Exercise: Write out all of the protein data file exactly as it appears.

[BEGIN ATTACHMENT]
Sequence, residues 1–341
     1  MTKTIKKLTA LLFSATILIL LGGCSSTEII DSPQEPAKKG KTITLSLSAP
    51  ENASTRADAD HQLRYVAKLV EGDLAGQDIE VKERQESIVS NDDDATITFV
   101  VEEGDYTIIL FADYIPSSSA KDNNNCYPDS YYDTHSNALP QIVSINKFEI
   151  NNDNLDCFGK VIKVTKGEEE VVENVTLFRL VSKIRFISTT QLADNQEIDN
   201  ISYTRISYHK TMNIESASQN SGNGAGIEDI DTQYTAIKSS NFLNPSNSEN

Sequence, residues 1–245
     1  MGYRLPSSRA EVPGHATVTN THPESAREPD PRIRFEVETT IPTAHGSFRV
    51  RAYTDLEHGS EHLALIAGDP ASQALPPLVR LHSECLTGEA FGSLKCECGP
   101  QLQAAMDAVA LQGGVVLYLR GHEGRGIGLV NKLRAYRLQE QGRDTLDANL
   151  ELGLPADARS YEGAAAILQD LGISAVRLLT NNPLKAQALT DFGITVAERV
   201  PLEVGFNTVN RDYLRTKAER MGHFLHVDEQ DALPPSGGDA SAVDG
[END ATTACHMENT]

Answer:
Sequence, residues 1–341
     1  MTKTIKKLTA LLFSATILIL LGGCSSTEII DSPQEPAKKG KTITLSLSAP
    51  ENASTRADAD HQLRYVAKLV EGDLAGQDIE VKERQESIVS NDDDATITFV
   101  VEEGDYTIIL FADYIPSSSA KDNNNCYPDS YYDTHSNALP QIVSINKFEI
   151  NNDNLDCFGK VIKVTKGEEE VVENVTLFRL VSKIRFISTT QLADNQEIDN
   201  ISYTRISYHK TMNIESASQN SGNGAGIEDI DTQYTAIKSS NFLNPSNSEN

Sequence, residues 1–245
     1  MGYRLPSSRA EVPGHATVTN THPESAREPD PRIRFEVETT IPTAHGSFRV
    51  RAYTDLEHGS EHLALIAGDP ASQALPPLVR LHSECLTGEA FGSLKCECGP
   101  QLQAAMDAVA LQGGVVLYLR GHEGRGIGLV NKLRAYRLQE QGRDTLDANL
   151  ELGLPADARS YEGAAAILQD LGISAVRLLT NNPLKAQALT DFGITVAERV
   201  PLEVGFNTVN RDYLRTKAER MGHFLHVDEQ DALPPSGGDA SAVDG